Ann Miller, Ph.D., and Natalie Underberg-Goode, Ph.D., are the latest NSCM researchers to be inducted into the Scroll & Quill Society.
This newer society is based on two older faculty clubs. Established in the 1980s, the original clubs represented the quill, which recognized authored books, and the scroll, which recognized sustained peer reviewed publications.
The Scroll & Quill Society now recognizes UCF faculty who have made scholarly contributions over a period of at least 10 years at UCF, and who have brought positive national or international attention to the institution through their scholarly work.
Miller has actively taught, researched and served in the field of communication for more than 25 years. She is currently serving as interim director of the Karen L. Smith Faculty Center for Teaching and Learning. During the 11 years that she has been at UCF, she has produced 46 peer reviewed publications so far, and is consistently publishing above the average rate in the communication field.
“Another distinction is perhaps that I’m among the few American researchers in the field of communication who publish about communication in sub-Saharan Africa,” Miller said.
Miller’s research has focused primarily on global health communication with at risk populations in Africa. Her topics of interest typically include intercultural communication, health communication and instructional communication.
“I became interested in intercultural communication because I was living it,” Miller said. “I obtained my master’s degree at a Kenyan institution, living and working as an American in Kenya for 13 years. I then became interested in studying health communication because of the HIV epidemic in sub-Saharan Africa. Many of my colleagues and friends in Nairobi had relatives who died of HIV, often without telling their relatives that they were infected until just weeks before their deaths. I did my doctoral dissertation on what factors led to decisions of Kenyans to disclose their diagnosis to people close to them. That was the beginning of my research in the field of health communication.”
All of Miller’s previous health communication research was centered in Kenya or Uganda, but this year, she has begun to do research on health literacy in the United States, as well.
Underberg-Goode was also inducted into the Scroll & Quill Society. She is an interim assistant director and associate professor of digital media and folklore in the Nicholson School’s Department of Games and Interactive Media. Her research examines the use of digital media to preserve and disseminate folklore and cultural heritage, with a focus on digital storytelling and participatory new media design and practice.
“I’ve always been interested in cultural heritage, in part because of the traditions and stories in my own family,” Underberg-Goode said. “My grandmother was Slovak, and from an early age she shared family stories with me, some more historical, others more supernatural. When I moved from the Midwest to southern California as a child, I loved learning about and experiencing Mexican and Mexican-American traditions such as Día de los Muertos and realized that cultural heritage was something I wanted to learn more about in college. Later would come graduate school, and I continued learning about folklore, eventually focusing on narrative and Latin American culture.”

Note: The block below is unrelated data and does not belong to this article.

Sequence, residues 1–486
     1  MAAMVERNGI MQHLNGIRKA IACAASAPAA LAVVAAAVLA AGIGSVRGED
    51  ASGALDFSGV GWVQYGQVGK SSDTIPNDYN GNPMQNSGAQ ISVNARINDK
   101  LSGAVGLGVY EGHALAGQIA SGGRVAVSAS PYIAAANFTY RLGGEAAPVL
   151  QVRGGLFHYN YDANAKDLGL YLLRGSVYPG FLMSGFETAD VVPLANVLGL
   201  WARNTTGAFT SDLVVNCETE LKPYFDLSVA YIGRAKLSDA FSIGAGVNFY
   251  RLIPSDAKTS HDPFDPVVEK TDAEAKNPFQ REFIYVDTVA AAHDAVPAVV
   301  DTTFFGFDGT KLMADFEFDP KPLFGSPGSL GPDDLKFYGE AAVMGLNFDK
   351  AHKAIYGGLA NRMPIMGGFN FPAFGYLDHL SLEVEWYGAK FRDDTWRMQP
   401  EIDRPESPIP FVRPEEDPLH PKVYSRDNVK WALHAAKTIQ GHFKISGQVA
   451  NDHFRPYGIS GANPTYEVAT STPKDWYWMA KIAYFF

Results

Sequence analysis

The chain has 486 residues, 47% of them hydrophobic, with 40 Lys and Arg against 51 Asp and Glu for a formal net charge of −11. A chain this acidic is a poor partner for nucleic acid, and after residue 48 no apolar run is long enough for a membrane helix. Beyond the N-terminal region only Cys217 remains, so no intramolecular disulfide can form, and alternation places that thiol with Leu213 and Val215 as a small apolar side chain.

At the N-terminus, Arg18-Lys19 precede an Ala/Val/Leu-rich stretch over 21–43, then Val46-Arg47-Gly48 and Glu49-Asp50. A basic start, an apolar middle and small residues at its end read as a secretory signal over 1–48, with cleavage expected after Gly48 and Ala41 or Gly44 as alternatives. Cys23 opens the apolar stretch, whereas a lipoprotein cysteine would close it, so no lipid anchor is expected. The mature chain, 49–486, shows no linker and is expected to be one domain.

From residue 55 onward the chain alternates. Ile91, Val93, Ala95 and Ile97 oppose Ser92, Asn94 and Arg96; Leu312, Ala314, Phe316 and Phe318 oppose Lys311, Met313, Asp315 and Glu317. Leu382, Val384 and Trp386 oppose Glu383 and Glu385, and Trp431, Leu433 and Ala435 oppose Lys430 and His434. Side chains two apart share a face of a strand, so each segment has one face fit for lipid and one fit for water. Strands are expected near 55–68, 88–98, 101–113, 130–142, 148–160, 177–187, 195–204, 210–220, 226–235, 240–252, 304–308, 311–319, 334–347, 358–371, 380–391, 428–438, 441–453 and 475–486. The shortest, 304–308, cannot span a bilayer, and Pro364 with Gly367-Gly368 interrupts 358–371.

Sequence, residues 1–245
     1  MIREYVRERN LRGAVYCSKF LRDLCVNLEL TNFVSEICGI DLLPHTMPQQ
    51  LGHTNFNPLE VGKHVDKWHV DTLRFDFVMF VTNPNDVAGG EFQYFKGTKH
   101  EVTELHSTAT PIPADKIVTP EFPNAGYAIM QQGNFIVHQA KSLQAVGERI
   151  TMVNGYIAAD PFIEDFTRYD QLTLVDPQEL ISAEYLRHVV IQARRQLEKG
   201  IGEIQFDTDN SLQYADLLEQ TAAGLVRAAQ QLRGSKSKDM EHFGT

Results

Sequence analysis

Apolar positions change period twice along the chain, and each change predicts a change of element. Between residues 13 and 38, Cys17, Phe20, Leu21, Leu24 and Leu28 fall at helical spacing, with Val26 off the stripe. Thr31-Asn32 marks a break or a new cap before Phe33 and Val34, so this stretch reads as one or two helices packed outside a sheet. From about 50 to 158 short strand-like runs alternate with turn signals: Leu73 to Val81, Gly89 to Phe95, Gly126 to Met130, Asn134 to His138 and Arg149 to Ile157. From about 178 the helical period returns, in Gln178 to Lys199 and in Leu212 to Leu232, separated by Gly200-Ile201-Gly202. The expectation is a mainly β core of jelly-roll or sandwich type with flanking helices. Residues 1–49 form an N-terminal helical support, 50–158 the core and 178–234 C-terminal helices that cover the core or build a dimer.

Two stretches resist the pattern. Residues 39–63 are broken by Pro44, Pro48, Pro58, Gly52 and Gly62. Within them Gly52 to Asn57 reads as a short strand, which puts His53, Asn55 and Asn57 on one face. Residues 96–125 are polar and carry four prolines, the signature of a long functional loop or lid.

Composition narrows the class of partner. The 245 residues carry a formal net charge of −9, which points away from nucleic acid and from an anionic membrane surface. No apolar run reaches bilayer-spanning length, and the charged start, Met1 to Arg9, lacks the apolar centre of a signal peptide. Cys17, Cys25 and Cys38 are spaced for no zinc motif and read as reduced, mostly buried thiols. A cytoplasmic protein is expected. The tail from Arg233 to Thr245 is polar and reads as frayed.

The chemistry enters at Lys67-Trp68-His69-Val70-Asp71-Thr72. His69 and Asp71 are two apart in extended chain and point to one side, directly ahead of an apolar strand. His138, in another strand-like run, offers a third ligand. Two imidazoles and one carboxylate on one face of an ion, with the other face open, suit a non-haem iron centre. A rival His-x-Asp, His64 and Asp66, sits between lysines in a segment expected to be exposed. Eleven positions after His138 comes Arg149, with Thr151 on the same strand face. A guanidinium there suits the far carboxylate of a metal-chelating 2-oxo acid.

The work that Underberg-Goode has done has helped preserve folklore and histories among many groups in the U.S. and abroad, including Puerto Ricans in Central Florida and Peruvians in South America.
“Incorporating digital media with cultural heritage provides new tools for preserving, interpreting and representing traditional culture and art,” Underberg-Goode said. “For example, the Portal to Peru project allows a folklorist like me to work with a non-profit in Cusco, Peru (the Center for Traditional Textiles in Cusco, or CTTC), to present and interpret Andean weaving and the lives and experiences of the weavers who create and sell this important example of intangible cultural heritage.”
The site Portal to Peru presents more than 700 items from the CTTC’s permanent collection of textiles, exhibitions focusing on weaving types, techniques, process and designs from the CTTC’s photographic archives and a GIS-based community tour of the ten communities with whom the CTTC works.
Additionally, the site also features three digital stories and interactive visual novels based on the experiences and knowledge of the women who work with this important non-profit in order to help the visitor understand the historical, cultural and economic context in which this cultural heritage is created and shared. Portal to Peru was funded by a Department of Education grant received by Latin American Studies program.
To view other Fall 2019 inductees and previous ones over the years, check out this page.
This article was written by Iulia Popescu.